4. “Logical punctuation” is the best option in most situations.
This idea usually refers to putting punctuation either inside or outside of quotation marks. The logicality of doing so or not doing so has been questioned by many. It’s probably best to follow conventions of a given style, unless you are not working within any particular field. In that case, you can invent new rules; just don’t expect others to understand or follow them.
5. People don’t really read anymore; they merely “scan a page for information.”
Gary Shteyngart brings up this idea in his 2011 novel Super Sad True Love Story. It’s interesting and has some truth to it: I agree that many people don’t read with a lot of care or seek to understand and internalize the written ideas they encounter. But some do. Think of that “some” as your audience. At the same time, consider the needs of an audience that just “scans the page.” Ask yourself, “Does this page I’ve just written include information worth scanning?”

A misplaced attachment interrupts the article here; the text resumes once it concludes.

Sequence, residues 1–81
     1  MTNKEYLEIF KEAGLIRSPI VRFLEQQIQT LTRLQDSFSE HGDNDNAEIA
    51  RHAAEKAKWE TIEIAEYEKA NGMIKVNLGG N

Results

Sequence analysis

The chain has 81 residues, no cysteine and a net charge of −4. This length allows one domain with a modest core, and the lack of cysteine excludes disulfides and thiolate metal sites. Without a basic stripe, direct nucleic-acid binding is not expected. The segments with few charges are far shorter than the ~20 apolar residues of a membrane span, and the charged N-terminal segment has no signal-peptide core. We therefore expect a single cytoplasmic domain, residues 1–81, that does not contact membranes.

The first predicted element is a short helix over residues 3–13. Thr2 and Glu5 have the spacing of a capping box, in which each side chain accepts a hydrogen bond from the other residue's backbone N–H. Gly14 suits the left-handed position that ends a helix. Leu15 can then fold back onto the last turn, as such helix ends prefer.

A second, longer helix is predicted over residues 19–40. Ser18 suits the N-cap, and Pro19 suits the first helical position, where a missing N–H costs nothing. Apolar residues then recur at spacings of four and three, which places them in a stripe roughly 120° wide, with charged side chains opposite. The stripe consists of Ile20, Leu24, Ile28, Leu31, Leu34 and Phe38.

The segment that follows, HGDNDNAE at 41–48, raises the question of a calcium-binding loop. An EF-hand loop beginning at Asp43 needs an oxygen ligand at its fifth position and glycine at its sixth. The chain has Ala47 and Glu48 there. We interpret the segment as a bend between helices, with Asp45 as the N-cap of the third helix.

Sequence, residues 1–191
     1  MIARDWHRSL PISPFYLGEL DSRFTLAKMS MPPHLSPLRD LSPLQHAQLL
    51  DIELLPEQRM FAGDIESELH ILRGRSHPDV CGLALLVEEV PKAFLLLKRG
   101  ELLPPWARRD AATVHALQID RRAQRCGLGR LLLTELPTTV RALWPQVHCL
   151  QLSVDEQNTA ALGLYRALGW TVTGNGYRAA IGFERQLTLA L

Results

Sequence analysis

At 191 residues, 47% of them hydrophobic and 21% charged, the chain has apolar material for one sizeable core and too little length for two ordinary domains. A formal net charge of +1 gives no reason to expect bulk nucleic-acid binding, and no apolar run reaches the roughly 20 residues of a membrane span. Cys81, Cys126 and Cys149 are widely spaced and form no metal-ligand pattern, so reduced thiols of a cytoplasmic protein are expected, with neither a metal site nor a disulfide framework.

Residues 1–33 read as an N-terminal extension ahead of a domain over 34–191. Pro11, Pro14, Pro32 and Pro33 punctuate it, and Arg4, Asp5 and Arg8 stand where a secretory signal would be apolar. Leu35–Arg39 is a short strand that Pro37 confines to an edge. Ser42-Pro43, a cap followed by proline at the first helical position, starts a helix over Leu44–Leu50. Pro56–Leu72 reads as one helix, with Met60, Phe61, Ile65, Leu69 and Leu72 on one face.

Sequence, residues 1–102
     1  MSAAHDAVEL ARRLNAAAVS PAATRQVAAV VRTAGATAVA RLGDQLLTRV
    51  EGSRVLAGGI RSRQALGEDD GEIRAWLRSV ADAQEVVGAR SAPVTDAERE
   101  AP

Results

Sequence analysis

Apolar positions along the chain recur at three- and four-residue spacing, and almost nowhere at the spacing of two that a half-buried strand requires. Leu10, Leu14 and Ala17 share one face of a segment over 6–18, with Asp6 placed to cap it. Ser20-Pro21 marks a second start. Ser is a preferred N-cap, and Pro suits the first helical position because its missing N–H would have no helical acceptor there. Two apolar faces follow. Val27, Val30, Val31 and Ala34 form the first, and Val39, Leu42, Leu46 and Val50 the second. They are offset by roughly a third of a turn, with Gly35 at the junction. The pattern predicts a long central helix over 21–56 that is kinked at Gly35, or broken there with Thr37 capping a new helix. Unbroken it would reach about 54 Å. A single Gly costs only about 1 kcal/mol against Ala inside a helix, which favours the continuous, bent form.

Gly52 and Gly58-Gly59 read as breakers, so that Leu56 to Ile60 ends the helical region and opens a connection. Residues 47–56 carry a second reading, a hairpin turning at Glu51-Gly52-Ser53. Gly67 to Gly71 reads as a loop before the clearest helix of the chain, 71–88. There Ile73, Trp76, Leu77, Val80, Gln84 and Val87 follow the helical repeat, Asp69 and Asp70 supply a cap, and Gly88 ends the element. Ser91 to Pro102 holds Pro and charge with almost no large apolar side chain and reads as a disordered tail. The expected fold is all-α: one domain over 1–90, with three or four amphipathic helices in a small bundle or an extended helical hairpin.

6. Anyone can publish written material nowadays, so what’s the value of Standard Written English?
With the Internet, it’s true that anyone can publish now. And many self-publishing options are open to any writer seeking to get work in print. Simply publishing something is now less a guarantee of its excellence or importance than it once was, but if you strive to have your work read—by more than family and friends—it will have to respect some standard forms and conventions. Or to put it another way, no matter what your publishing goals, if you want people to read your work, you will have to write with a high level of competence and lucidity.